India’s military expenditure grew around 8.5 per cent in 2016, making it the world’s fifth largest spender at $55.9 billion, figures released by the Stockholm International Peace Research Institute (Sipri) revealed on Monday.
As per the figures, the US remains the world’s largest military spendere registering a growth of 1.7 per cent between 2015 and 2016 to $611 billion.
Four others in the top 15 spenders include China, Japan, South Korea, Australia. China is second on the list spending $215 billion, an increase of 5.4 per cent.
However, the growth rate was “much lower” than in the previous years, the SIPRI report said.
Russia increased its spending by 5.9 per cent to $69.2 billion, making it the third largest spender.
Saudi Arabia, the third largest spender in 2015, dropped to the fourth position in 2016 with its spending dropping by 30 per cent in 2016 to $63.7 billion, despite its continued involvement in regional wars.
Pakistan does not figure in the top 15 spenders, and spent $9.93 billion.
“The growth in US military expenditure in 2016 may signal the end of a trend of decreases in spending, which resulted from the economic crisis and the withdrawal of US troops from Afghanistan and Iraq,” the report said, adding however that US’ 2016 figures remained 20 per cent lower than its peak in 2010.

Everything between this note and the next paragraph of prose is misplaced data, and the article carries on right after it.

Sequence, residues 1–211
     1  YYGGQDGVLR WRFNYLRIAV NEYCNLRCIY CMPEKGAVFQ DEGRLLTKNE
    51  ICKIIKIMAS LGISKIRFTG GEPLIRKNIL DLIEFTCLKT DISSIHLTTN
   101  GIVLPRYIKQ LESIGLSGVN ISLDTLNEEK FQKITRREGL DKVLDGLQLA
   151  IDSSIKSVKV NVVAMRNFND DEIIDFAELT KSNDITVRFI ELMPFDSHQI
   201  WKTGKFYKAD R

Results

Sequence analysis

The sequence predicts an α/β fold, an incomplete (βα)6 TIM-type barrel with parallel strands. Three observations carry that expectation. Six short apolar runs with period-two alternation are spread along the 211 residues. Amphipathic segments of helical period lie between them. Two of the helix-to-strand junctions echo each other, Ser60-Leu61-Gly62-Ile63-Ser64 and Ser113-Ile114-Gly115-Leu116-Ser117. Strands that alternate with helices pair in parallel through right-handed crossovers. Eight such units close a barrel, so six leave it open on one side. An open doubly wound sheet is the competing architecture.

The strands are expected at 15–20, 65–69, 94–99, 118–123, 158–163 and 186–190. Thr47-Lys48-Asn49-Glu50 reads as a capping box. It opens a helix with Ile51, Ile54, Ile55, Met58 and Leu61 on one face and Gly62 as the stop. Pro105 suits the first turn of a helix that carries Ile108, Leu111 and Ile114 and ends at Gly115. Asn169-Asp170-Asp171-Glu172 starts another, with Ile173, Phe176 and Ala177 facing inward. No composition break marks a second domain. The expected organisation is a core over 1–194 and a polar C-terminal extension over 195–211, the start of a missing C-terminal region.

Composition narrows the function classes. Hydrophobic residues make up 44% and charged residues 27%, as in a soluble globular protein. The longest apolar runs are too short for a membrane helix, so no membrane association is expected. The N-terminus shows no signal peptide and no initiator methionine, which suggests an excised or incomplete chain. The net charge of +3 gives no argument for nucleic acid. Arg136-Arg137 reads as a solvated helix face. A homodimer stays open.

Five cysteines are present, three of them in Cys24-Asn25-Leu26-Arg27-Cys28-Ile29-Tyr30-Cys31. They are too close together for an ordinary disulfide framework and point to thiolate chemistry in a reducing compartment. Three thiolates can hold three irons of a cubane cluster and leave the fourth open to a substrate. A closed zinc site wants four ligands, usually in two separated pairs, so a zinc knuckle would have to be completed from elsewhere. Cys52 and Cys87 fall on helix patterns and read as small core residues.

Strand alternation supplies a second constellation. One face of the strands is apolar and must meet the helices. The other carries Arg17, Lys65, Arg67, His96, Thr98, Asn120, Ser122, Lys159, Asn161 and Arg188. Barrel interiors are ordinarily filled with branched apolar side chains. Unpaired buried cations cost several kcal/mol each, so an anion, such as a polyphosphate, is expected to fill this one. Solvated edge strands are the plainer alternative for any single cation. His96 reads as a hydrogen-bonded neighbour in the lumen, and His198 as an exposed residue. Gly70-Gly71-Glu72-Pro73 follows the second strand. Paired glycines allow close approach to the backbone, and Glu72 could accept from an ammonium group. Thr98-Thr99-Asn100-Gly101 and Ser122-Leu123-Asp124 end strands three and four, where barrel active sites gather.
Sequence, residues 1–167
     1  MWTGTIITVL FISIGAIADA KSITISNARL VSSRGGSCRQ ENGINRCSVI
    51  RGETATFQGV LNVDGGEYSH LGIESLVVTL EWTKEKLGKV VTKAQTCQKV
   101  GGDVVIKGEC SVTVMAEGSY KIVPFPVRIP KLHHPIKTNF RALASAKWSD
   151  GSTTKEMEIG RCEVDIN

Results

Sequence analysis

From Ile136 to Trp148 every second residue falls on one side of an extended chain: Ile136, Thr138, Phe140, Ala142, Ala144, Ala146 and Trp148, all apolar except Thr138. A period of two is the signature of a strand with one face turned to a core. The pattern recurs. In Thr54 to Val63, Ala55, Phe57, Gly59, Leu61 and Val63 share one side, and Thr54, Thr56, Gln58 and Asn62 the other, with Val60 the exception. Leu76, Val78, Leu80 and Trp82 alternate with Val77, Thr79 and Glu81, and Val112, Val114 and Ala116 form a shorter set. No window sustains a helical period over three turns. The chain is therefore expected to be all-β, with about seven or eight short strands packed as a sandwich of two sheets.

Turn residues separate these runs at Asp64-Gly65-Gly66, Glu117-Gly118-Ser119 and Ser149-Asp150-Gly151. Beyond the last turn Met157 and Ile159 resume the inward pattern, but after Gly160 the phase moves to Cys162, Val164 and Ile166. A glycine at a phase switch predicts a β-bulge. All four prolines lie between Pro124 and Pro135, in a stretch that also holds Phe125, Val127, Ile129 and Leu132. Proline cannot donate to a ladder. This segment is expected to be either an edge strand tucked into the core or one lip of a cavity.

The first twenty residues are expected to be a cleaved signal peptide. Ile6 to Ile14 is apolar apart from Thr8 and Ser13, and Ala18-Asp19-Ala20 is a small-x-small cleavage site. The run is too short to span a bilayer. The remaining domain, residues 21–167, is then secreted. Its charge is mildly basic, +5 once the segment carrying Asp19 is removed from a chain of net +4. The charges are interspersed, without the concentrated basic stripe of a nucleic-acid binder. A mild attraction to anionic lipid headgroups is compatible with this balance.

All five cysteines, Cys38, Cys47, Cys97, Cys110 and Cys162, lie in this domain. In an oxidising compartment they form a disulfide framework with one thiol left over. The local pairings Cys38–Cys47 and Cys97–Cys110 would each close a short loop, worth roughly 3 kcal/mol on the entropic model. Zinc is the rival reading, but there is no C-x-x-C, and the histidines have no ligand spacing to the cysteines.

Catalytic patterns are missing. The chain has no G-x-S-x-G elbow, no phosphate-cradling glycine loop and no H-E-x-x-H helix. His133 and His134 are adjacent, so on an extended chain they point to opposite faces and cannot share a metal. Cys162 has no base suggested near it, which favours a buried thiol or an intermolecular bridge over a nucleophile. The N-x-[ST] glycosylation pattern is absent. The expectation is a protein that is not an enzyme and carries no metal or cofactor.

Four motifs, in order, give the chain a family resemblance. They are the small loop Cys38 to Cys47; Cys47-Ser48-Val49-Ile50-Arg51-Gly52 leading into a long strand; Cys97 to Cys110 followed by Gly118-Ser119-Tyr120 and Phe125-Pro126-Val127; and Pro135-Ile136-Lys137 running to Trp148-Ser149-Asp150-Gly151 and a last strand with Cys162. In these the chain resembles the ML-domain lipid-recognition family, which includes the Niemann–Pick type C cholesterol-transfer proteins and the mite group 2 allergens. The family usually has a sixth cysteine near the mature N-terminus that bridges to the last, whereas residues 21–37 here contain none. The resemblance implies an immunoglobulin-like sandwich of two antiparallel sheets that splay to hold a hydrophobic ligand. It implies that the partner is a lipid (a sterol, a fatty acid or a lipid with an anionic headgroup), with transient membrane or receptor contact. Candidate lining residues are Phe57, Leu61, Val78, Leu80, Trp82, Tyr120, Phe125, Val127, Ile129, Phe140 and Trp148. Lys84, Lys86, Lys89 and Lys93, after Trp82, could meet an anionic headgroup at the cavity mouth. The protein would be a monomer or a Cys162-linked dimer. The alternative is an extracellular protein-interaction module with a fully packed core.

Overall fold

“Despite continuing legal restraints on the overall US budget, increases in military spending were agreed upon by Congress,” said Aude Fleurant, Director of the SIPRI Arms and Military Expenditure (AMEX) programme.
“Future spending patterns remain uncertain due to the changing political situation in the US.”
Military expenditure in Western Europe rose for the second consecutive year and was up by 2.6 per cent, while falling oil revenue and associated economic problems attached to the oil-price shock has forced many oil-exporting countries to reduce military spending.
Last year’s global military spending accounted for 2.2 per cent of the worldwide GDP.
Military spending as a share of GDP, was highest in the Middle East with an average of 6.0 per cent, while the lowest was in the Americas, with an average of 1.3 per cent.
However, data for all Middle Eastern countries was not available. For countries where data is available, substantial increases were seen in Iran and Kuwait, while sizable decreases were noted in Iraq and Saudi Arabia, SIPRI said.A
In Asia and Oceania, military expenditure rose by 4.6 per cent in 2016. Spending levels are related to the many tensions in the region such as over territorial rights in the South China Sea.